What controls your life?

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As much as we want to believe that we are in charge of our lives, is that actually true? Do we have drive? Or, are we driven by heredity, habits, bias, social conditionings, and other people? I believe that what we call our self is a composite of many parts. And, it is seldom integrated as much as we hope or believe.

We might have full self-discipline and self-control, or nearly so, in one part of life. Then, we might feel helpless in another. We can have strong, justified confidence in our abilities at work. Then, feel ill fitted and ill fated in a social situation, where we believe we act awkwardly.

Here are some ideas to help determine who or what is in charge of our lives.

• List all the major areas of your life. As a guide, consider the spiritual, mental, emotional, physical, financial, social, and family aspects. Drop, add, or combine as it fits your situation.

• For each area, on a scale of 1 to 5, how much control do you feel you have? Let 1 be no control and 5 be near total control.

• List three to five reasons you gave each area the score you gave it.

• Ask yourself if you have over or under estimated in an area to save face with yourself. Or did you rate it to reflect how much control you’d like?

• For any area that you scored 3 or less, think about options you have to increase your control. Do you feel you have any options?

• Are there any areas where you feel you need help to increase your level of control? What type of help do you need? Who or what can provide it?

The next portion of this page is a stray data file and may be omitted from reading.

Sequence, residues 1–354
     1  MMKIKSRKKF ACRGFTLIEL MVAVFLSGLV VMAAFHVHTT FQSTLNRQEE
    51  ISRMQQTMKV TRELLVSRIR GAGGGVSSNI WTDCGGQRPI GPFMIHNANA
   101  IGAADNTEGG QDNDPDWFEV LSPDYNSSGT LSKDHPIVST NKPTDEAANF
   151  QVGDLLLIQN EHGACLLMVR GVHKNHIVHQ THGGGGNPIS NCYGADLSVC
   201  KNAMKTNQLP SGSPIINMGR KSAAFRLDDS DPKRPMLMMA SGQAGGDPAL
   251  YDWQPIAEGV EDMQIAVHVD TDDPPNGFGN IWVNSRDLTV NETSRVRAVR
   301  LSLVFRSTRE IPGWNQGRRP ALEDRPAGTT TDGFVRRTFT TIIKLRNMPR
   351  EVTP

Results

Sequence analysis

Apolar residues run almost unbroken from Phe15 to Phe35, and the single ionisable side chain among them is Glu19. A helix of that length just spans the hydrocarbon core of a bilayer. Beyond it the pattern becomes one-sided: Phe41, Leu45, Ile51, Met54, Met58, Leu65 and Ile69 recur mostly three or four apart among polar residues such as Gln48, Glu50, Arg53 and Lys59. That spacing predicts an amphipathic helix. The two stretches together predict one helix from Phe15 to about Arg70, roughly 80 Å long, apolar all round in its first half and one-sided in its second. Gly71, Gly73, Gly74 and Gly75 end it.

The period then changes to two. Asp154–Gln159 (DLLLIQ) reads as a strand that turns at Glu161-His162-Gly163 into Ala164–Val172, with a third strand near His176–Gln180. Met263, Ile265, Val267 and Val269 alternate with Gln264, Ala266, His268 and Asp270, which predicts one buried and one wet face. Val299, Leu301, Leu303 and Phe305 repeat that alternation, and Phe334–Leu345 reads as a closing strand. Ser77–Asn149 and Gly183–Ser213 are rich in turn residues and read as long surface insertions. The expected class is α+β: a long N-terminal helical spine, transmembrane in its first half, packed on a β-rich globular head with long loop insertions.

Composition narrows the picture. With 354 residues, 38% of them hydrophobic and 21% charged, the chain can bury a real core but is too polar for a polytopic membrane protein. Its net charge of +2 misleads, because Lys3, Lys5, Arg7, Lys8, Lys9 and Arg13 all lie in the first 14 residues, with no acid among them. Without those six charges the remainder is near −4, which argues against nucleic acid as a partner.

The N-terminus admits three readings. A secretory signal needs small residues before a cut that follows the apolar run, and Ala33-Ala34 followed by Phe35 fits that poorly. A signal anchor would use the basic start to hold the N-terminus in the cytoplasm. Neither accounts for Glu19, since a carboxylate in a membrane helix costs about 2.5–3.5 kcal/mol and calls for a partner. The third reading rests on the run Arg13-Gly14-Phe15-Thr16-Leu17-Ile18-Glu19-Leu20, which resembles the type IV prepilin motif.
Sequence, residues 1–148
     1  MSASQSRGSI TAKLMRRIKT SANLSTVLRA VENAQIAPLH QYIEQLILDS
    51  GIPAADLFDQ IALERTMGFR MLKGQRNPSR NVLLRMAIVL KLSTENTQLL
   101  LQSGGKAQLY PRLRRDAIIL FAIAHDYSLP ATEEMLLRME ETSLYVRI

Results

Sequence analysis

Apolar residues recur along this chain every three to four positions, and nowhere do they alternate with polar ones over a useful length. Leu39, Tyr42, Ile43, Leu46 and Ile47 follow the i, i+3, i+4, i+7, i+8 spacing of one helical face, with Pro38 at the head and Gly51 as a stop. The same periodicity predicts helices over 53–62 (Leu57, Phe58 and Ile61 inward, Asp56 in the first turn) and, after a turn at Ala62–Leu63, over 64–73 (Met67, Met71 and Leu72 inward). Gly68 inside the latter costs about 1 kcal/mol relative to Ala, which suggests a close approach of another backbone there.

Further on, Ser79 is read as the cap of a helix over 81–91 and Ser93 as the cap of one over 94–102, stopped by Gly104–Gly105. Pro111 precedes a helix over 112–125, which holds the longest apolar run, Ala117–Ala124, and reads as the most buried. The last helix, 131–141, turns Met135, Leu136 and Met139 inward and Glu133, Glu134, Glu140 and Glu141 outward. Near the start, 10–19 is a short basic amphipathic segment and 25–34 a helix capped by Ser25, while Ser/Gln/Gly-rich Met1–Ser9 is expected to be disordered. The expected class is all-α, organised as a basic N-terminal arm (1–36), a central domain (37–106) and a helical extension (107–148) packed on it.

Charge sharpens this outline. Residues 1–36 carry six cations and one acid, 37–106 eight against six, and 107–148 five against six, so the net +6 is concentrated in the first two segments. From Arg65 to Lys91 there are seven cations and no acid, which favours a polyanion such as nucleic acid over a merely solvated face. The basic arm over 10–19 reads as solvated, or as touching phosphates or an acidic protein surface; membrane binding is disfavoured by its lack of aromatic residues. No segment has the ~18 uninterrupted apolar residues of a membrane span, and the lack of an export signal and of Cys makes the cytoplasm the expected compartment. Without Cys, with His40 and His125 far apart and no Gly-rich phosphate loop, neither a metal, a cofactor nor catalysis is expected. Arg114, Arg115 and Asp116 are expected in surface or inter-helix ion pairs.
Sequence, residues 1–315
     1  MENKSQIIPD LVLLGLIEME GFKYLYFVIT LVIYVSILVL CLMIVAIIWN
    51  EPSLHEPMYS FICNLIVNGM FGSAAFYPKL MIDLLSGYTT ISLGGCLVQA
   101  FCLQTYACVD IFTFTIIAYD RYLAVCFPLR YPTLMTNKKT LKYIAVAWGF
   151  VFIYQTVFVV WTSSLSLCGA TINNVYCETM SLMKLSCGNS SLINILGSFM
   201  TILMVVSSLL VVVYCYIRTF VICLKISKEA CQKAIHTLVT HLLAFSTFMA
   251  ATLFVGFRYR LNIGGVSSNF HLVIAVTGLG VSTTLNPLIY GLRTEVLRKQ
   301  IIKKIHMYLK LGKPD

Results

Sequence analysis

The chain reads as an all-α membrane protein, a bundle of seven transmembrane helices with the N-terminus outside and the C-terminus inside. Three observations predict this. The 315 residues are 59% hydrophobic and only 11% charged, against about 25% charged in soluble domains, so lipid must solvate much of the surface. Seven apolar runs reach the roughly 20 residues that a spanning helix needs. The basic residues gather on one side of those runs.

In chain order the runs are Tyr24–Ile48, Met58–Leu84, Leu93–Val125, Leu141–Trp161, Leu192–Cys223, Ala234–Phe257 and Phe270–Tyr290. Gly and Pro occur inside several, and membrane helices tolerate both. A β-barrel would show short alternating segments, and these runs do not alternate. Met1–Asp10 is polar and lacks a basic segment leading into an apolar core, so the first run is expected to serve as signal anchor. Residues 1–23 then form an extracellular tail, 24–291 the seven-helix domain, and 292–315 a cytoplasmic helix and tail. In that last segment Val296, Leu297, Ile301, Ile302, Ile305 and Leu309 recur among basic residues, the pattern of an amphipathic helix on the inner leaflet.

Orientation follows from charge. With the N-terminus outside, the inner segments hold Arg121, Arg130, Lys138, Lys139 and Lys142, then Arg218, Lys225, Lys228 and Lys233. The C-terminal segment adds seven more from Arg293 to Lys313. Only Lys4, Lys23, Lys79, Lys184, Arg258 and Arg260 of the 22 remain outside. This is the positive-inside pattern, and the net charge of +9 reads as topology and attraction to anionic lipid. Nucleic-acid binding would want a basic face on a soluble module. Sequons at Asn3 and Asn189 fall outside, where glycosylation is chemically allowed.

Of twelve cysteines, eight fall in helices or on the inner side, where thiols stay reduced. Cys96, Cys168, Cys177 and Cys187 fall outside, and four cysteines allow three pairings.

• Is there an area that you feel is simply beyond your control?

• On areas where you listed a 4 level of control, what refinements can you make to raise it to a 5? How will you do this? When will you do this? How long will it take you?

• Ask yourself, what does control actually mean to you? Do you want to control your life or the lives of others? Do you want control or the ability to manipulate or meddle? Self-honesty is very important in this exercise.

• Can you let go, be peaceful and take what comes in the areas where you cannot or should not exert control?

It is easy to come up with lists and write quippy suggestions. However, lists can make us aware of something we have either never or seldom thought about. Lists can help give us starting points for a logical look into areas of potential: either positive or negative. Lists can help us develop or refine how we think about the subject of the list.

Tim O’Brien writes continuing-education courses and presents seminars on stress management.

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